Source: DOJ’s Gallup whistle-blower made bizarre work requests, said he was ‘devout Marxist’

The whistle-blower whose allegations form the basis for a Department of Justice lawsuit against the Gallup polling company made bizarre requests at work, made coworkers nervous and said he was a “devout Marxist,” a senior Gallup official told The Daily Caller.

In mid-August, the DOJ announced it was joining a lawsuit former Gallup staffer Michael Lindley filed in 2009. Lindley alleges that Gallup filed false claims with the federal government on its contracts with the Department of State, the U.S. Mint and other federal agencies.

According to the Gallup official, Lindley worked at the polling firm from Feb. 25, 2008 until July 24, 2009. Before working at Gallup, Lindley was a field organizer in Council Bluffs, Iowa, for then-Sen. Barack Obama’s 2008 presidential campaign.

In his now-DOJ-backed lawsuit, Lindley says his “performance record” while working at Gallup “was exemplary.” Lindley also says his performance at Gallup was “outstanding” and that he was “awarded the maximum pay raise of the employees who were in his ‘entering class.'”

A senior Gallup official told TheDC that Lindley’s claim of being a stellar employee couldn’t be further from the truth.

“Co-workers stopped talking to him because they feared he was recording their conversations,” the official added.

At one point, the Gallup official said, Lindley “made a two million dollar calculation error on a costing spreadsheet.” Lindley also wanted to “work remotely from Brazil” but was “told no.”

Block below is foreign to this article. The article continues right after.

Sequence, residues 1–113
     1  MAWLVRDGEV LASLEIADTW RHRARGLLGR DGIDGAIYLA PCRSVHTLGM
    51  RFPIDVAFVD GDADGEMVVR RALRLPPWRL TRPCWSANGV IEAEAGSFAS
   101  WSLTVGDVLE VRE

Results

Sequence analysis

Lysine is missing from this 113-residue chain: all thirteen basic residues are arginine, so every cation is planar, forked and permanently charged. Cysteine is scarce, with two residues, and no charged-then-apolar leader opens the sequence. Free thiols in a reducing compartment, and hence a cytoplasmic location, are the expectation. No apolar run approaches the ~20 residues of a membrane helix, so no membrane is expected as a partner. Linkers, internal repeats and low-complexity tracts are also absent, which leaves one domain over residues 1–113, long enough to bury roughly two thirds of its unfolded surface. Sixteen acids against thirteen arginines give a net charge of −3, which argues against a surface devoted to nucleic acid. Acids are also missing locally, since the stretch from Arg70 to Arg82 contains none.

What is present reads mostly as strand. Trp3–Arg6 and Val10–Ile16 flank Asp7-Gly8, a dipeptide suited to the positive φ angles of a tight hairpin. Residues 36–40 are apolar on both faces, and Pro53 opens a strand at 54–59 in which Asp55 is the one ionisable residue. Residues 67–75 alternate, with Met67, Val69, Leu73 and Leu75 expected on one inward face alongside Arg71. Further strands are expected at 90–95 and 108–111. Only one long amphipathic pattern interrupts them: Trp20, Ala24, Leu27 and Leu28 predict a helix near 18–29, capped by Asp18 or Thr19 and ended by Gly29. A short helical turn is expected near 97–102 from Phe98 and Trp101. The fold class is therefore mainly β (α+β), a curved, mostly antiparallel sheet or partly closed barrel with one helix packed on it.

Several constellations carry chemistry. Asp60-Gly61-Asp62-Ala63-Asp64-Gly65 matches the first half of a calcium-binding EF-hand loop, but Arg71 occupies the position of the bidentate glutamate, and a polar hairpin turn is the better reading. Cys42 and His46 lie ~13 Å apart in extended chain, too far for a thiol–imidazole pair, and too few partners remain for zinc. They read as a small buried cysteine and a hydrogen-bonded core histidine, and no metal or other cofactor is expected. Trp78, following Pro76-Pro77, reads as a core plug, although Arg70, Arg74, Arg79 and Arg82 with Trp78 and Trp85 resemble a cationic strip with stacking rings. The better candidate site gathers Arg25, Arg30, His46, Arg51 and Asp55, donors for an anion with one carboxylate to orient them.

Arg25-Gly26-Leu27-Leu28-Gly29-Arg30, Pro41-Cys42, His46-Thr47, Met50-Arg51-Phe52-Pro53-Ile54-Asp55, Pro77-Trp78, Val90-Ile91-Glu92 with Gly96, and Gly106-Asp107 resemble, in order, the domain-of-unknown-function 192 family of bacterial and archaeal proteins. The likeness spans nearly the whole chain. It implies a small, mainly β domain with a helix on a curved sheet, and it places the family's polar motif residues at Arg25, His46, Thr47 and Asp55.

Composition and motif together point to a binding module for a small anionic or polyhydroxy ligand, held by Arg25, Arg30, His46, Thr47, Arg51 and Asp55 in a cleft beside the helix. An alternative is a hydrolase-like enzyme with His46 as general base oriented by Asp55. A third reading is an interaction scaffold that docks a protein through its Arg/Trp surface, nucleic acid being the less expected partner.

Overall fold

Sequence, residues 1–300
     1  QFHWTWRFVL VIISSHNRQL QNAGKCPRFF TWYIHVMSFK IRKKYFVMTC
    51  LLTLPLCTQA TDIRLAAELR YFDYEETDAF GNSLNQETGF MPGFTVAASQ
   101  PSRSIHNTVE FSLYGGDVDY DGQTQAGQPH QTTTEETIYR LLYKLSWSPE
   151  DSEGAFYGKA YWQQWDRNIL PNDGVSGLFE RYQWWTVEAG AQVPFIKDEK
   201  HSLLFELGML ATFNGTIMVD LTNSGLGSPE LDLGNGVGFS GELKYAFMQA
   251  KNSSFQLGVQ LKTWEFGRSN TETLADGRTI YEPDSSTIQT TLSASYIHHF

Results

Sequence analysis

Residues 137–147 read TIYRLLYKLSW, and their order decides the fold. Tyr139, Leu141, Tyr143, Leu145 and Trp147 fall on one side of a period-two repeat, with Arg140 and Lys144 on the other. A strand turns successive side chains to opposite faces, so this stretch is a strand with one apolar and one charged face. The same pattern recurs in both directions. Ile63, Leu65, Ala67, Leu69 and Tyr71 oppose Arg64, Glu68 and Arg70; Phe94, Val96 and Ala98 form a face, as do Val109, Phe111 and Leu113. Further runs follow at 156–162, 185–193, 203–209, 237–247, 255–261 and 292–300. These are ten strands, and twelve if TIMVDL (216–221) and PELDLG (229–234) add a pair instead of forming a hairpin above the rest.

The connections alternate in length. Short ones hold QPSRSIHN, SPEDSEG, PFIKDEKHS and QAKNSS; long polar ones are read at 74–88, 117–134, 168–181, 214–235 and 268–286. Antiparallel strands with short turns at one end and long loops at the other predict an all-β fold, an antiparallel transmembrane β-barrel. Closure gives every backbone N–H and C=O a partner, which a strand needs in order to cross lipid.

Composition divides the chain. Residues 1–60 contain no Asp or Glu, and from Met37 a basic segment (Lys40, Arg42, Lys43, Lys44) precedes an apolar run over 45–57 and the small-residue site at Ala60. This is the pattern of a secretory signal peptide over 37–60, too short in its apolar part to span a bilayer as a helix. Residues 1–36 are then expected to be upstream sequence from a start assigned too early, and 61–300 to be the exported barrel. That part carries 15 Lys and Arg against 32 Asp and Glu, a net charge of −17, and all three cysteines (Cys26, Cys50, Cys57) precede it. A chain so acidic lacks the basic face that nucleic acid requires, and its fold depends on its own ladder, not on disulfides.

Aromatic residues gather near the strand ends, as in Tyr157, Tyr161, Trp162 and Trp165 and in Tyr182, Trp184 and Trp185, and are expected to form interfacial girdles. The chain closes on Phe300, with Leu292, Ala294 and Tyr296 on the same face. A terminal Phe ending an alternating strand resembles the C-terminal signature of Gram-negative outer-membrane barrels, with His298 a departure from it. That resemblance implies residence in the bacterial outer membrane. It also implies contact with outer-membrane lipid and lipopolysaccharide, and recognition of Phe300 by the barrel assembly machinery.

“He became angry about this,” the official added.

The same official told TheDC that Lindley “became sullen and angry” when Gallup refused his request to be “paid the same as the managing partner of the Government Division” — a “raise of several hundred thousand dollars.”

Though it’s not in his legal complaint, Lindley has also said he was named Gallup’s “Rookie of the Year.” Lindley’s lawyers have touted that “Rookie of the Year” statement in press releases. Associated Press reporter Pete Yost and the Washington Post’s Lisa Rein, among others, printed it unchallenged.

But no such award exists at The Gallup Organization.

“We have no such award on a company wide basis,” the senior Gallup official told TheDC, adding that it “might have been something in a small group or something a supervisor said to him, but definitely not a company award.”

The official added that Lindley allegedly described himself to a one-time co-worker as a “devout Marxist.”

Lindley also charges that he was terminated from employment on July 24, 2009, one day after he threatened to report the contents of his allegations against Gallup to the DOJ. According to his lawsuit, he said he told a senior Gallup official on July 23, 2009 “that if Gallup was not going to report these issues to the government, then he would report them to the Department of Justice himself.”

The next day, Lindley says in his lawsuit, he was told “that Gallup was terminating his employment effective immediately” — a decision, according to Lindley, made by Gallup Chief Counsel Steve O’Brien.